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On Approval and Disapproval: Theory and Experiments

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  • López-Pérez, Raúl

    ()
    (Departamento de Análisis Económico (Teoría e Historia Económica). Universidad Autónoma de Madrid.)

  • Vorsatz, Marc

    ()
    (Fundación de Estudios de Economía Aplicada–FEDEA)

Abstract

Prior studies have shown that selfish behavior is reduced when co–players have the opportunity to approve/disapprove a player’s choice, even if that has no consequences on the player’s material payoff. Using a prisoner’s dilemma, we experimentally study the causes of this phenomenon, which seems crucial to understand compliance with social norms. Our data is consistent with a model based on the assumption that people feel badly if they expect to be disapproved by others. Furthermore, we find suggestive evidence in line with the following assumptions: (i) People become more aware about the others opinion if feedback is available, and (ii) even if the feedback is ex post and has no effect on their ex ante expectations about disapproval, people prefer not to receive negative feedback.

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Bibliographic Info

Paper provided by Universidad Autónoma de Madrid (Spain), Department of Economic Analysis (Economic Theory and Economic History) in its series Working Papers in Economic Theory with number 2009/08.

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Length: 38 pages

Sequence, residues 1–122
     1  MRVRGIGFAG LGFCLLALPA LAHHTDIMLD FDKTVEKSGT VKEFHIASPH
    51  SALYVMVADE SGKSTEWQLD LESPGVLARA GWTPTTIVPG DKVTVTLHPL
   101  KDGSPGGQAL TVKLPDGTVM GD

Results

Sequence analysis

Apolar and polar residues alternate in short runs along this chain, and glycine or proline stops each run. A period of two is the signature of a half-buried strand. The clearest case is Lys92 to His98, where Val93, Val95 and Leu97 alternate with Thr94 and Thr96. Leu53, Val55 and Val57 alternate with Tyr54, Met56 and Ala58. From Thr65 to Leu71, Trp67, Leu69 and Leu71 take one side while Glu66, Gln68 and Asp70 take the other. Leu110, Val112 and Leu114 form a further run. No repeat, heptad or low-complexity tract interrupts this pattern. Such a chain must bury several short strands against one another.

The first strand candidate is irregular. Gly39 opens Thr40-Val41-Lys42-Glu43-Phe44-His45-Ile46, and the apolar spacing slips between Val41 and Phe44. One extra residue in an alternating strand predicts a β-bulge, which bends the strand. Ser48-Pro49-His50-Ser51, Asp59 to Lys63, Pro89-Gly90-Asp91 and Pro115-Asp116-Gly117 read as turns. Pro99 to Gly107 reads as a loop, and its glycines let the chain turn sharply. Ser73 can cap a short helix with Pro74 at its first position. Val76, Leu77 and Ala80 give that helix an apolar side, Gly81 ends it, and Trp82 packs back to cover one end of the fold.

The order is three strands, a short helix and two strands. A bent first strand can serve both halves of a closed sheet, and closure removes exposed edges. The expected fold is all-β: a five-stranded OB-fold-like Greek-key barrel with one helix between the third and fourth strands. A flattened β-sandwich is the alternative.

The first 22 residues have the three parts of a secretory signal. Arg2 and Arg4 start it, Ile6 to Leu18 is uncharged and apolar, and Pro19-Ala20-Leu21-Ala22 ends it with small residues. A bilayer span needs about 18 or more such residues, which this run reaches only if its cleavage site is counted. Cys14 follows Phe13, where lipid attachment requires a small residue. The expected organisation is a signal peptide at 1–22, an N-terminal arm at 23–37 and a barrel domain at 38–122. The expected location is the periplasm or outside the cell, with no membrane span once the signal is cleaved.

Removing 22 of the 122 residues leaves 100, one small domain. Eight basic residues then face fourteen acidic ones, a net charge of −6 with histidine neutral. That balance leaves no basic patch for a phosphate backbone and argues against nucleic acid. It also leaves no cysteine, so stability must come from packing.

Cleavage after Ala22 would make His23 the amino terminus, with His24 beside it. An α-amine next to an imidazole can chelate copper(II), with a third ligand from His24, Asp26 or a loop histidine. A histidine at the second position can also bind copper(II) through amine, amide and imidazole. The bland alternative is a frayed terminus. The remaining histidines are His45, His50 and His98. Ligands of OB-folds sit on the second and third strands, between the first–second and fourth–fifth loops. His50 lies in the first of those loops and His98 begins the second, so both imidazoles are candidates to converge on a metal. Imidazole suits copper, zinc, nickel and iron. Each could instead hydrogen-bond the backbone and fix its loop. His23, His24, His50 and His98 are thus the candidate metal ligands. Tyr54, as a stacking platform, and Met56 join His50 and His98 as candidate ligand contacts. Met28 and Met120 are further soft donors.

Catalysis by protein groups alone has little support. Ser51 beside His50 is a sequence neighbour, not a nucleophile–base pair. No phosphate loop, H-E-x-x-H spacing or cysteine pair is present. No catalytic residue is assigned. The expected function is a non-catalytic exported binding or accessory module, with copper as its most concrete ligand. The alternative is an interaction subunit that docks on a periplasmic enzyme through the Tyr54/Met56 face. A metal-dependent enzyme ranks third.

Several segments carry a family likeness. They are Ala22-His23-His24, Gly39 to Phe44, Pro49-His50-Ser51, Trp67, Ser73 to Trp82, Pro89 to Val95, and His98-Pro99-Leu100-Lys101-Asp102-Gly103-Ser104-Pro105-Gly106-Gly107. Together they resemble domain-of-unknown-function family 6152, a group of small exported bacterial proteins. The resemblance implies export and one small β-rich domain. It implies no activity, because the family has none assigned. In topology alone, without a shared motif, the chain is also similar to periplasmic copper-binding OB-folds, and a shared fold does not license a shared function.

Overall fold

Date of creation: Dec 2009
Date of revision:
Handle: RePEc:uam:wpaper:200908

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Keywords: Approval; disapproval; non–material rewards/sanctions; social norms.;

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References

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Cited by:
  1. Fabrice Le Lec & Astrid Matthey & Ondrej Rydval, 2012. "Punishment Fosters Efficiency in the Minimum Effort Coordination Game," Jena Economic Research Papers 2012-030, Friedrich-Schiller-University Jena, Max-Planck-Institute of Economics.
  2. Adam Zylbersztejn, 2013. "Strategic signaling or emotional sanctioning? An experimental study of ex post communication in a repeated public goods game," Université Paris1 Panthéon-Sorbonne (Post-Print and Working Papers) halshs-00800587, HAL.
  3. Timothy C. Salmon & Danila Serra, 2013. "Does Social Judgment Diminish Rule Breaking?," CSAE Working Paper Series 2013-05, Centre for the Study of African Economies, University of Oxford.
  4. Andreas Leibbrandt & Raúl López-Pérez, 2014. "Different carrots and different sticks: do we reward and punish differently than we approve and disapprove?," Theory and Decision, Springer, vol. 76(1), pages 95-118, January.
  5. Raúl López-Pérez & Marc Vorsatz, 2012. "What Behaviors are Disapproved? Experimental Evidence from Five Dictator Games," Games, MDPI, Open Access Journal, vol. 3(2), pages 78-96, April.
  6. Czap, Hans J. & Czap, Natalia V. & Khachaturyan, Marianna & Burbach, Mark E. & Lynne, Gary D., 2011. "Smiley or Frowney: The effect of emotions and framing in a downstream water pollution game," 2011 Annual Meeting, July 24-26, 2011, Pittsburgh, Pennsylvania 102696, Agricultural and Applied Economics Association.
  7. Raúl López-Pérez & Eli Spiegelman, 2013. "Why do people tell the truth? Experimental evidence for pure lie aversion," Experimental Economics, Springer, vol. 16(3), pages 233-247, September.
  8. Haradhan Kumar Mohajan, 2011. "Approval Voting: A Multi-outcome Election," KASBIT Journal of Management & Social Science, Khadim Ali Shah Bukhari Institute of Technology (KASBIT), vol. 4, pages 77-88, December.
  9. repec:ksb:journl:v:4:y:2011:i:1:p:77-88 is not listed on IDEAS
  10. Mohajan, Haradhan, 2011. "Approval Voting: A Multi-outcome Election," MPRA Paper 50674, University Library of Munich, Germany, revised 20 Apr 2011.

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